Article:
How can I find your guidelines for CT radiation limits? I am 60 years old, both my parents with cancer (mom died), and the insurer recommended me to do a hip CT even though the orthopedic doctor clearly wrote MRI in the referral. I understand the insurer’s preference to save money but given my radiation concern, exacerbated by age and family history and the fact that I already had 5 XRay imaging sessions in the past 12 months (three dental and 2 chest views) – I of course prefer to go for the MRI option. I tried to find in your site any official reference (because they said that “according to the AAPM there is zero risk for me”) – but failed. Can you please advise – considering my history, age, and previous xray sessions this year – what would you consider as an exposure to avoid? Is there really a zero risk? Shouldn’t I insist on the MRI – as recommended by the doctor? Basically I see the discrepancy between the clinical doctor and the administrational doctor. And I need to know that they don’t just use your establishment name in order to “disarm” me and save some dollars… Your insights will be highly appreciated. Especially if you would have advised to insist on the MRI (all considered)

The AAPM's public education website and “Ask the Expert” section is intended to provide basic education about medical physics. The AAPM members who respond to questions are not medical doctors and cannot make medical decisions or recommendations about specific clinical situations. However, we can provide some general information about medical imaging physics, technology, and acceptable practice.

The decision about the most effective test to answer a clinical question is best made by the care provider who is most familiar with the patient's condition. Providers can utilize "clinical decision support" tools such as the American College of Radiology's Appropriateness Criteria (1), which produces evidence-based guidance on the proper imaging exam for a given condition. The decision about whether to have CT vs MRI is not just a matter of the lowest cost or the patient’s preference. The images produced by CT and MRI provide different information, and one test or the other may be more appropriate depending on the clinical question that needs to be answered.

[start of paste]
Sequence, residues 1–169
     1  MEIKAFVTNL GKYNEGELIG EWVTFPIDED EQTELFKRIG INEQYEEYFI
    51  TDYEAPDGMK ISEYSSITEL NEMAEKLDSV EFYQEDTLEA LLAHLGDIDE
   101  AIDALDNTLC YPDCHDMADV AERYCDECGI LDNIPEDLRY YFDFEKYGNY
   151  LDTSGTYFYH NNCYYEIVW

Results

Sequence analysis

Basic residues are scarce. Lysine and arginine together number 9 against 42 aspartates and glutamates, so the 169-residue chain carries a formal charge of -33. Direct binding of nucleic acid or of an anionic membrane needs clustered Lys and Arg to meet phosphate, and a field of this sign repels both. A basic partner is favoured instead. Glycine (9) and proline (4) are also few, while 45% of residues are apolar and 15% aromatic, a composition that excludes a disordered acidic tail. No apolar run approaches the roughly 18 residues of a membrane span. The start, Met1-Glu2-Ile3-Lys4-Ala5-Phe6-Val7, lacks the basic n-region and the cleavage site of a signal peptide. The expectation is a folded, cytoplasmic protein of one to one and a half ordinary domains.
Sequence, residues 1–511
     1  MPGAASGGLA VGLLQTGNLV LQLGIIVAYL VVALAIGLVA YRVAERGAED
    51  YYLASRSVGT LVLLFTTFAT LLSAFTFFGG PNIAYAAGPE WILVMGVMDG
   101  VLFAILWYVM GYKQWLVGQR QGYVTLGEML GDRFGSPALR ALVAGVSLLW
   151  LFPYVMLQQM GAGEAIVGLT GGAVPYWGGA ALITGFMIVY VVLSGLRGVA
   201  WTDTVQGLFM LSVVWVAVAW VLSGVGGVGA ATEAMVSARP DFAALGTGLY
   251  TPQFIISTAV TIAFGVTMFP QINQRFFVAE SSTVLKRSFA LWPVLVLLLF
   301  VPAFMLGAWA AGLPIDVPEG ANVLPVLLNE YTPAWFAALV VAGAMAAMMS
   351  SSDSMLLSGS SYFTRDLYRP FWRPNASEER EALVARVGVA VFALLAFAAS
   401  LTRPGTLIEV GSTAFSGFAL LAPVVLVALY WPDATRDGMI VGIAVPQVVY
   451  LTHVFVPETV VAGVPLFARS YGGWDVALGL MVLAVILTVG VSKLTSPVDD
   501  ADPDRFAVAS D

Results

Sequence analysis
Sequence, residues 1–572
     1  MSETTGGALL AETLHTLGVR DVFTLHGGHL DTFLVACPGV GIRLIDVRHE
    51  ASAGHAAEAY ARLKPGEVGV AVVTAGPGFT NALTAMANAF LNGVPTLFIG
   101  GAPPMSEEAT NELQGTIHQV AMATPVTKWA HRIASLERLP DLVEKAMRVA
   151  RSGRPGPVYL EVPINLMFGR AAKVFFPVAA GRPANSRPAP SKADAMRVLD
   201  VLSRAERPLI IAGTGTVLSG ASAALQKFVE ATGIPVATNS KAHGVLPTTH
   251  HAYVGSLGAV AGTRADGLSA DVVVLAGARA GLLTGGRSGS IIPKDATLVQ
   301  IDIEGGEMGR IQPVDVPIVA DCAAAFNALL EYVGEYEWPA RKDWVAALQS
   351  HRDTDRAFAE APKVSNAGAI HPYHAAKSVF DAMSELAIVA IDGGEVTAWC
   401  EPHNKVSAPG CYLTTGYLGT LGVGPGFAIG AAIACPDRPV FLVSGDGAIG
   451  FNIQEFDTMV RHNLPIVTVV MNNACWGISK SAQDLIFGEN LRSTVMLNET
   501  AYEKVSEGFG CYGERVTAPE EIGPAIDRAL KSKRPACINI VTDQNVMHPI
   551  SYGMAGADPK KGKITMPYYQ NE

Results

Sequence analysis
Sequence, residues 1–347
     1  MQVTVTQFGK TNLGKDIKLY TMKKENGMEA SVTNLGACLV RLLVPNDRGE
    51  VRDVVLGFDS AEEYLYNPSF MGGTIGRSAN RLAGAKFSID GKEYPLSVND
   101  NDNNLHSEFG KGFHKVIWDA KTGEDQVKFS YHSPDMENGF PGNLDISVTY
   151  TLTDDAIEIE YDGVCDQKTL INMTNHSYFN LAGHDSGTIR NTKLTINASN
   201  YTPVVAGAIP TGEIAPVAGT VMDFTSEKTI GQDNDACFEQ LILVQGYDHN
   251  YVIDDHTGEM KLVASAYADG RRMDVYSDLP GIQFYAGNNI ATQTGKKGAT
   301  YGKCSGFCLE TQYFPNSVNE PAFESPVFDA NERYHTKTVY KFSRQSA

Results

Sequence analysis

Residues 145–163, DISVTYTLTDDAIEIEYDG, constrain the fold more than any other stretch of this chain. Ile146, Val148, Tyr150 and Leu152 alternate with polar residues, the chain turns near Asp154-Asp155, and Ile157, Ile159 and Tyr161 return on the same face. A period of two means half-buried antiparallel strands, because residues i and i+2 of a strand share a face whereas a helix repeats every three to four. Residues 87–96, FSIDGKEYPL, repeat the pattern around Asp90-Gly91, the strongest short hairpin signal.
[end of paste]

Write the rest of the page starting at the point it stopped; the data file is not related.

Many experts believe that a patient's previous radiation exposure history should not be considered when a decision is made about a diagnostic test in the future (2). There is no evidence that the effects of radiation are cumulative, so each new exposure is independent of the previous ones. Consequently, there is no lifetime radiation dose upper limit for medical exposures (2). Patients should not be denied appropriate medical care (such as x-rays or CT scans) just because they received medical radiation in their past.

Regarding the risks associated with diagnostic imaging, the risk of harm from any diagnostic imaging exam is statistically insignificant (3). There is an association between the radiation dose received and the risk of future cancer at high doses such as those from atom bombs (eg, Hiroshima and Nagasaki) and nuclear power accidents (eg, Chernobyl), but no such association has been proven at the much lower doses associated with medical imaging. It should be noted that MRI does not use ionizing radiation.

To summarize, there is no CT radiation dose limit, the best exam for you may be an MRI or it may be a CT (or something else), and your medical team is advised to utilize evidence-based guidelines to help decide which test is best for you. Your prior radiation exposure from exams like dental x-rays, chest radiographs or even CT or nuclear scans should not influence whether you can receive additional imaging. To do so would deprive you of the benefits of that imaging. Imaging facilities that follow best practices ensure that CT radiation levels are kept to the necessary minimum to provide adequate image quality for making an accurate diagnosis.


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